It should also be noted that this procedural scheme has already been provided for in EU law within the so-called Single Supervisory Mechanism. As is well known, Regulation 1024/2013 established the Administrative Board of Review (ABoR) within the European Central Bank composed of experts in the fields of banking or other financial services, which has the task of carrying out, at the request of the parties concerned, an administrative review of the decisions adopted by the ECB itself in the field of credit supervision. The ABoR acts impartially and independently, following an adversarial procedure; it cannot issue binding decisions but only opinions to the Supervisory Board on the procedural and substantive compliance of the contested decision with Regulation 1024/2013.
This means that the strengthening of the rights of the interested parties is aimed at conditioning the powers of the final decision-maker while leaving them formally unaltered. This balance also seems to be optimal in order to fully apply Article 9(3) and (4) of the AC to EU institutions.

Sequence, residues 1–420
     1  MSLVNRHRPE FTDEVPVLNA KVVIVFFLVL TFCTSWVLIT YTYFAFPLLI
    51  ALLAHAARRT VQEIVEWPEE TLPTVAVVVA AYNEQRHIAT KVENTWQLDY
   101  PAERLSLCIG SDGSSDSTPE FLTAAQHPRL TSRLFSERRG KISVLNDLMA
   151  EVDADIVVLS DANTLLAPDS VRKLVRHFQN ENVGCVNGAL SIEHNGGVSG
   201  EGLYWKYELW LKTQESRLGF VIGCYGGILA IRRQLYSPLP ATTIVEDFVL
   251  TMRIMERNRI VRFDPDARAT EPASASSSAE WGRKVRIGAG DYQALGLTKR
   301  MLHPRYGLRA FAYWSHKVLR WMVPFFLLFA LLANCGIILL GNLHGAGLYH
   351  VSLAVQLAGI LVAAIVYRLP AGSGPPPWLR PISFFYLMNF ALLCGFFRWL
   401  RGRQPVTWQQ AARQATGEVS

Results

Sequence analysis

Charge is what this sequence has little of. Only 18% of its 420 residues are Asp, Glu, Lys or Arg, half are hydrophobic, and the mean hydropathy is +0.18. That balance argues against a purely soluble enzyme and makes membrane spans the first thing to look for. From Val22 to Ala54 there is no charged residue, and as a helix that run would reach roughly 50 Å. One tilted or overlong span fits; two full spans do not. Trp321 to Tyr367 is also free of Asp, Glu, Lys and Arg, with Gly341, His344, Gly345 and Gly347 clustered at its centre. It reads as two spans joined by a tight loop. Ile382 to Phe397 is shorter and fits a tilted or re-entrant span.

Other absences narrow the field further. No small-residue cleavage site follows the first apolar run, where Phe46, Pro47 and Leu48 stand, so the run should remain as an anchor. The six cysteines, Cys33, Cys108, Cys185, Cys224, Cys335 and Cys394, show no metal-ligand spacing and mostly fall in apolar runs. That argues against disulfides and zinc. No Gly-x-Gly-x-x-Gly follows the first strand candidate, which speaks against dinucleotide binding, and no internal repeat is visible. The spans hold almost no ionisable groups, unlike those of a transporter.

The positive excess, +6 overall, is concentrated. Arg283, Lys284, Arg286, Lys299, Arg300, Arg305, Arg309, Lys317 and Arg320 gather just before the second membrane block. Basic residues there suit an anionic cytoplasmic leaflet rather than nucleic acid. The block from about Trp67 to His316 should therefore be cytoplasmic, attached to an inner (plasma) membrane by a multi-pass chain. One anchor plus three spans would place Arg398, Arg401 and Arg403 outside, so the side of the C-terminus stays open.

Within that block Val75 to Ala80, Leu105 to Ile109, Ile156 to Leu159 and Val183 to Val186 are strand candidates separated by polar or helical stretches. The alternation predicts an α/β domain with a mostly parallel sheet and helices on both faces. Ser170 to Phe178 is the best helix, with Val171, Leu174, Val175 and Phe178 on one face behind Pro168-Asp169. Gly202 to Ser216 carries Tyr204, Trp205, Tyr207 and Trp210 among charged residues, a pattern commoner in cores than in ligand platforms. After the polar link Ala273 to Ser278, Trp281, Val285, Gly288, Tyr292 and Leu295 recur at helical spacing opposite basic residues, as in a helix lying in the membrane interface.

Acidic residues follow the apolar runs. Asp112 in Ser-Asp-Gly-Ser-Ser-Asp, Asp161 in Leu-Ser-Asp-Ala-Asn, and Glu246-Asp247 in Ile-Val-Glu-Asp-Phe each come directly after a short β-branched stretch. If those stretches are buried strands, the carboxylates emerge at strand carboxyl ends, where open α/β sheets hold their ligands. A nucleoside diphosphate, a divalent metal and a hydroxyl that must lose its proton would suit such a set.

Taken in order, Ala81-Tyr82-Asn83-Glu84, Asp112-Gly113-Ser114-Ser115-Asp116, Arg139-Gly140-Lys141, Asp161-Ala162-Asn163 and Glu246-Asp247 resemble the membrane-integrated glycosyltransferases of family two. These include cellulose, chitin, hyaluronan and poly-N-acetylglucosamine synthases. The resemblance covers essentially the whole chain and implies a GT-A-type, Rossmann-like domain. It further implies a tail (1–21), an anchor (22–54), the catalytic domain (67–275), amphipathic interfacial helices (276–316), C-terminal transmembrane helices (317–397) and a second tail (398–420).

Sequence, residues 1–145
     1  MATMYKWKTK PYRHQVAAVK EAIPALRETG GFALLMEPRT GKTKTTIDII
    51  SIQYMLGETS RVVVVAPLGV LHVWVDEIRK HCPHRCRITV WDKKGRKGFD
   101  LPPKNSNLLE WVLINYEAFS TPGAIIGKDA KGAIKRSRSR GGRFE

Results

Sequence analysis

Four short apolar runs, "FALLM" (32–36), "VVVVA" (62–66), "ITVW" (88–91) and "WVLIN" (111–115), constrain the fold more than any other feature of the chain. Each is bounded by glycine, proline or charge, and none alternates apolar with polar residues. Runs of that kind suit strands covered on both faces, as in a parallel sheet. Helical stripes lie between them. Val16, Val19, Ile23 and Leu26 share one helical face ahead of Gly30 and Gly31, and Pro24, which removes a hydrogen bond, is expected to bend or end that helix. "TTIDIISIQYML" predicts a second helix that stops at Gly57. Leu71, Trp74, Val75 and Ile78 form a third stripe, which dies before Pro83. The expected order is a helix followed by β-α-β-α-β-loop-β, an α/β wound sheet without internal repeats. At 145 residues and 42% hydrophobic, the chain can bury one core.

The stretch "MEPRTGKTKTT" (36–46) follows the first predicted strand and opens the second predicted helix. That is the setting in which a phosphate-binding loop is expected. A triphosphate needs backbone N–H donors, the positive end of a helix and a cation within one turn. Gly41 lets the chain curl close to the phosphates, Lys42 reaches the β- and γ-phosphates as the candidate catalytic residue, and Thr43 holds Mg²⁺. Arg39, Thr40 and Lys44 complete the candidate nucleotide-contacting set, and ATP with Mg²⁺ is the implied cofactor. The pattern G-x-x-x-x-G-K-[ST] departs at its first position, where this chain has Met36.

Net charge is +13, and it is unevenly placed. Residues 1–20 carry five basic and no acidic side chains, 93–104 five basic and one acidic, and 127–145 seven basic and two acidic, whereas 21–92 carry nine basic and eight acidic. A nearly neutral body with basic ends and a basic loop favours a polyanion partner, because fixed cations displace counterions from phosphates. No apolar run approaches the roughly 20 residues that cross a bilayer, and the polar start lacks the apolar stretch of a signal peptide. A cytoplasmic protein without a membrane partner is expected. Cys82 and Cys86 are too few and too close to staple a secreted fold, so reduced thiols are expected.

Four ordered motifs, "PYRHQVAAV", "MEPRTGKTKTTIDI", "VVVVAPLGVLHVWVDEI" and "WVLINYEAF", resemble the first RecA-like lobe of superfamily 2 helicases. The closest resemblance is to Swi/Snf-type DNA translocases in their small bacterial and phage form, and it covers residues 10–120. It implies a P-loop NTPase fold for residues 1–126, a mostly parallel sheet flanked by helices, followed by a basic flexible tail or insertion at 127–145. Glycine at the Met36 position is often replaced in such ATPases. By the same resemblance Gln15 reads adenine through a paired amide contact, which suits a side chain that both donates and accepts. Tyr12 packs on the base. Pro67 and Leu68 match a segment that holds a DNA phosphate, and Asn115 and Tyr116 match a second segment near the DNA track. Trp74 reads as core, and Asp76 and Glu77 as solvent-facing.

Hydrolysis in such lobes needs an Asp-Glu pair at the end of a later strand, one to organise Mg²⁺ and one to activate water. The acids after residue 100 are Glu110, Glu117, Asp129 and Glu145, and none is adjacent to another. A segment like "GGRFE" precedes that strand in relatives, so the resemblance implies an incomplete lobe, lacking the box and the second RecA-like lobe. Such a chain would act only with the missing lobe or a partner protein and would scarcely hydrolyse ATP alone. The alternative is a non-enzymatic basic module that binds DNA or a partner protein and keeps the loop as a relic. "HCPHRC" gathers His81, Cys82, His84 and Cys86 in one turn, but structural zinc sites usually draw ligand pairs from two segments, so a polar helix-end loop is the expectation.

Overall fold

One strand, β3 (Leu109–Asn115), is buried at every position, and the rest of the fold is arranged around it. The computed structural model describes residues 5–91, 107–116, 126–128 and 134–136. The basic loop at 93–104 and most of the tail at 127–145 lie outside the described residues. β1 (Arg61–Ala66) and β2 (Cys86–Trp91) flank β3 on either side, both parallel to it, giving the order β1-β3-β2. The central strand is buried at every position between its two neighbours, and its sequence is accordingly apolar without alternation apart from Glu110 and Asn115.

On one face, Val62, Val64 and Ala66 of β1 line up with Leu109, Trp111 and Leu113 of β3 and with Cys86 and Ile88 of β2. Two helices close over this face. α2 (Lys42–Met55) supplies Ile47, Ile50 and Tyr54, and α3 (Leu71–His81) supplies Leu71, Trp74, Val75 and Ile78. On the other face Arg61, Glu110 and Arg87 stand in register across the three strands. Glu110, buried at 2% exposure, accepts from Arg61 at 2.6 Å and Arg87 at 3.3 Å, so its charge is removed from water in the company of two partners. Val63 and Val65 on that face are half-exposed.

4. The difficulties encountered by the EU in complying with the AC signal a deep-rooted defensive attitude towards civil society organisations. At this point, if the EU legislator fails to effectively ensure the right of the public to access to justice in environmental matters, the only practicable solution will most likely be a citizens’ initiative based on Article 11(4) TEU.
Posted by Luca De Lucia, Full Professor of Italian and European Administrative Law at the University of Salerno and member of REALaw Editorial Board. For a more elaborate version of this blog post see my recent article in 2022 REALaw issue 2.
Suggested citation: L De Lucia, “Regulation 2021/1767 and the remaining divergences of EU law from the Aarhus Convention”, REALaw.blog available at https://wp.me/pcQ0x2-tU.